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Hawley to Levin: Break Up 'Woke Capitalist' Megacorps the Left Is Using as 'Hand of Government'

By A. Kim | February 1, 2021 | 5:06pm EST
Sen. Josh Hawley (R-MO) questions former deputy attorney general Rod Rosenstein during a Republican-led Senate Judiciary Committee hearing on "Crossfire Hurricane," the FBI's probe into Russian election interference and the 2016 Trump campaign. (Photo credit: JIM LO SCALZO/POOL/AFP via Getty Images)
Sen. Josh Hawley (R-MO) questions former deputy attorney general Rod Rosenstein during a Republican-led Senate Judiciary Committee hearing on "Crossfire Hurricane," the FBI's probe into Russian election interference and the 2016 Trump campaign. (Photo credit: JIM LO SCALZO/POOL/AFP via Getty Images)

Megacorporations bent on furthering leftist political ideology hold “an unprecedented concentration of power” and must be broken up, contended Sen. Josh Hawley (R-MO) to conservative host Mark Levin on Fox News' “Life, Liberty, and Levin” on Sunday.

Hawley and Levin discussed the issue of major companies aligned with the left, comparing them to “robber barons” of the past and highlighting actions such as the deplatforming of Twitter competitor Parler last month.

Leftists “are only interested in capitalism insofar as they can control it and use it to impose their viewpoints,” Hawley said. “Antitrust is a very conservative principle...we’ve got to break up that concentrated power and return power to the people." 

Below is a transcript of the exchange:

Mark Levin: Sen. Josh Hawley, well, what do you make of all these attacks on freedom of speech and communication in this country now?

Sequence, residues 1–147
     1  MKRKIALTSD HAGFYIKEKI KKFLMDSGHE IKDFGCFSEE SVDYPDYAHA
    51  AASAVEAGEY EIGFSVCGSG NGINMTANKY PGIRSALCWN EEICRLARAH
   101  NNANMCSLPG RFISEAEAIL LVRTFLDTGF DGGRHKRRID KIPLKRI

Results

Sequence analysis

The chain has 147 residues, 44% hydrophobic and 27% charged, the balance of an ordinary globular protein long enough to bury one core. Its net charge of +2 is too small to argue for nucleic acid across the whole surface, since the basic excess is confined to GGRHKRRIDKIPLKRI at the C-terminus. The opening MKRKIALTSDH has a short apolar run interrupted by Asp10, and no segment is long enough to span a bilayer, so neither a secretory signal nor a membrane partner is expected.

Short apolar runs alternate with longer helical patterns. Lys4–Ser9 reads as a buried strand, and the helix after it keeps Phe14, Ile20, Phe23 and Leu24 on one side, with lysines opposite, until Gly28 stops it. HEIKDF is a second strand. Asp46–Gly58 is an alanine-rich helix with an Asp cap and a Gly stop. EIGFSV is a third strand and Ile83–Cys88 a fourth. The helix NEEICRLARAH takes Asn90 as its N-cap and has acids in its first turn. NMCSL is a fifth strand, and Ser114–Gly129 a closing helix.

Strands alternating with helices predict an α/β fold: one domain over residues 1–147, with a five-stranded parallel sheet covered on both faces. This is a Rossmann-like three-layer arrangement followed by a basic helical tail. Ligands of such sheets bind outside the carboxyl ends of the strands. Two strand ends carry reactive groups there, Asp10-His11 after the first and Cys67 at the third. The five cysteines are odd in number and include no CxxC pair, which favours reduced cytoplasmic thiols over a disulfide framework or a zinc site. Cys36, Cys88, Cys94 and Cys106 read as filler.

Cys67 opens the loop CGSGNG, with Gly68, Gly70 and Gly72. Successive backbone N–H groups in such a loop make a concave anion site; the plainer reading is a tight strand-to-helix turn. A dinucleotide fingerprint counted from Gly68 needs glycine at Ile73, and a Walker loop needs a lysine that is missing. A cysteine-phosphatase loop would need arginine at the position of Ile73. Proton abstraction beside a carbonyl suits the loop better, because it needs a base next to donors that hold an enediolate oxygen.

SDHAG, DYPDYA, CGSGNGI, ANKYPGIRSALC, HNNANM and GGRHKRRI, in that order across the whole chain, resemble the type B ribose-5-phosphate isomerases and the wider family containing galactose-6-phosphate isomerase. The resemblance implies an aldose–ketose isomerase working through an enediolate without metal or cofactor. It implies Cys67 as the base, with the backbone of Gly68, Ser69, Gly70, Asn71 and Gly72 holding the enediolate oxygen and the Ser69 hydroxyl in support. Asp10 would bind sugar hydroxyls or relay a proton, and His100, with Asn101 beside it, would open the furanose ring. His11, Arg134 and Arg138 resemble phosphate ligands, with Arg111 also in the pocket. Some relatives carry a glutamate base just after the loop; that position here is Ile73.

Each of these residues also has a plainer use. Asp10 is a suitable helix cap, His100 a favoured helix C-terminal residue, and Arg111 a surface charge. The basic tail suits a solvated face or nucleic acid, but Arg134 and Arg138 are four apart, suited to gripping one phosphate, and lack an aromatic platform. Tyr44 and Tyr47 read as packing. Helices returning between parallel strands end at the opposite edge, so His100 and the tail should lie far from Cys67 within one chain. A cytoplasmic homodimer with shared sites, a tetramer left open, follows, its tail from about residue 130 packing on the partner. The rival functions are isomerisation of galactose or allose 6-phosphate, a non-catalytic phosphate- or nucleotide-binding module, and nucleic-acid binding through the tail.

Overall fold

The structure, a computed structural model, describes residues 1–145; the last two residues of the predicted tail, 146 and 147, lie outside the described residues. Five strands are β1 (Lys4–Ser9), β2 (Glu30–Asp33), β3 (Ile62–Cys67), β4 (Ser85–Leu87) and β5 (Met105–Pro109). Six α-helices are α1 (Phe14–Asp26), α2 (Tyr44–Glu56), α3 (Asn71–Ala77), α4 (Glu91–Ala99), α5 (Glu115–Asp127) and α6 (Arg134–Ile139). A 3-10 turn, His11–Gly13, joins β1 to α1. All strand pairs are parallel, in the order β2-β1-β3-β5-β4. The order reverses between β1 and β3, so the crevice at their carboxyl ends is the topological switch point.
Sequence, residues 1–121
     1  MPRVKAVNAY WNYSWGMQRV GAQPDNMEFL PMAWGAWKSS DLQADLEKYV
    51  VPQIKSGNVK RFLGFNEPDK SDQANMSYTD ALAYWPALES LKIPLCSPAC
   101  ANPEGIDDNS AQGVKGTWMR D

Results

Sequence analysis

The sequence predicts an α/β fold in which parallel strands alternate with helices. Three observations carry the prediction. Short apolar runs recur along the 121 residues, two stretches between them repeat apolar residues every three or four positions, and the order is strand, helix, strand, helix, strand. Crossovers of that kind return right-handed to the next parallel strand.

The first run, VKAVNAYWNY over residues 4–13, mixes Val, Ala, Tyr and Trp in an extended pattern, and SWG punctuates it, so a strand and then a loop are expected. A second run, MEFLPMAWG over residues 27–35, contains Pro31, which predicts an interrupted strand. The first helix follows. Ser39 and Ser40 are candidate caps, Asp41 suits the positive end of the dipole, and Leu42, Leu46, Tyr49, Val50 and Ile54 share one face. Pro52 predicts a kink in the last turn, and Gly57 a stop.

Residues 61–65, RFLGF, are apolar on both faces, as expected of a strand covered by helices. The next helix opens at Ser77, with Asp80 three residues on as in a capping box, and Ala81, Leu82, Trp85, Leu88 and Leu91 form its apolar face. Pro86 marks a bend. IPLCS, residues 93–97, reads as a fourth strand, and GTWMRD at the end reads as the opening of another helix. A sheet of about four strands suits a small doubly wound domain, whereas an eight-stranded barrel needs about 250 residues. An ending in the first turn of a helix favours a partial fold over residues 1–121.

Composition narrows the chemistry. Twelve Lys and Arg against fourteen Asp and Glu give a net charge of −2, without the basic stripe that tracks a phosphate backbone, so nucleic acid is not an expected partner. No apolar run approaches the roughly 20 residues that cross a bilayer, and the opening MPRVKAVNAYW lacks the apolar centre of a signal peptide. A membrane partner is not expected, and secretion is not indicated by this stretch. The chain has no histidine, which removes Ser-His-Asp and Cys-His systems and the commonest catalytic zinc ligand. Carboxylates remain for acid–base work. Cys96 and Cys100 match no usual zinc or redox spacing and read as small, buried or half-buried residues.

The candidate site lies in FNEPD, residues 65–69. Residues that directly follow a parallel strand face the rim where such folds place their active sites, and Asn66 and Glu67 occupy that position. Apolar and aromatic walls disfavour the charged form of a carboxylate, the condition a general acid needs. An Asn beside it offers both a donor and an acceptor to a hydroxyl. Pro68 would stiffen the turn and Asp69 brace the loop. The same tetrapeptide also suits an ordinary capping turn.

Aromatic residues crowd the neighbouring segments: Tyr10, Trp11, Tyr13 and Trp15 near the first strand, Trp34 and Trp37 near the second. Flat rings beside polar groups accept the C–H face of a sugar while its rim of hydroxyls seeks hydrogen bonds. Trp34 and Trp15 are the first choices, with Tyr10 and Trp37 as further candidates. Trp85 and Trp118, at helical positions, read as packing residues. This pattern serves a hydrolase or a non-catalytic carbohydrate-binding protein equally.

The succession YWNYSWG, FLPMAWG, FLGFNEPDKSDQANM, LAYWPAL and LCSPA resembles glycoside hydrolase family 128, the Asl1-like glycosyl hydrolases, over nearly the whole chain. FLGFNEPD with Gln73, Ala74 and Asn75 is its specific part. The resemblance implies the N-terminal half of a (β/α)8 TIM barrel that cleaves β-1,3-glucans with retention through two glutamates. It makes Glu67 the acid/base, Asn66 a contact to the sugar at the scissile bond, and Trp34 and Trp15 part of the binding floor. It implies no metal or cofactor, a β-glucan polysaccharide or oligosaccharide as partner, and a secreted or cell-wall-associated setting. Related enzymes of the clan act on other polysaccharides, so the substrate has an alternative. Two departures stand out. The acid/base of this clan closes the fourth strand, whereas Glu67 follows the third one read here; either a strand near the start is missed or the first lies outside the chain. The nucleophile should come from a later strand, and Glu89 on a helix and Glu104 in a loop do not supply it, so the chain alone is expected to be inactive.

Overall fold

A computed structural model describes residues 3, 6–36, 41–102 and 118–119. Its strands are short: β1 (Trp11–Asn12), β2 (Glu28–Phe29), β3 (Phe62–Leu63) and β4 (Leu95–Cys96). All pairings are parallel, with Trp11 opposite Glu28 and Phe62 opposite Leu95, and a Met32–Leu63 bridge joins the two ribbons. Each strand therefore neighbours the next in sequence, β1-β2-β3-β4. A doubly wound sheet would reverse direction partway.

Sen. Josh Hawley: Well, you had it right when you said “the oligopoly.“ What we have is an unprecedented concentration of power by these corporate monopolies working in league with the left, I call them the “woke capitalists.” You know, they’re only interested in capitalism insofar as they can control it and use it to impose their viewpoints on the American public. You know, our founders, they were against monopolies, they really hated monopolies, they were very wary of monopolies, and rightfully so, because when you concentrate power in a few hands, bad things always happen and that's what’s happening now, Mark. You’ve got these Big Tech companies who effectively control more and more speech in America. We’ve seen how they want to use that. They want to shut down conservatives, they want to shut down libertarians, they want to take out competitors like Parler, they want to tell you what you can and cannot say, and it's not just the tech companies, it's also the corporate monopolies in other areas. You know, we’ve had, corporate monopolies have come after me, and said that I'm not welcome to do political events on their properties. They’ve gone after other small business people and said we’re going to boycott you if you support conservatives or if you support Sen. Hawley or people like that, so you’ve got unprecedented monopoly power working with Big Government in the left, and we’ve got to break it up. You ask what do we do about it, we break it up. We’ve got to break up the monopolies. That’s why we have antitrust law and antitrust is a very conservative principle, conservative populist principle -- when we wrote most of those laws over a century ago -- it’s very in tune with our founding. We’ve got to break up that concentrated power and return power to the people.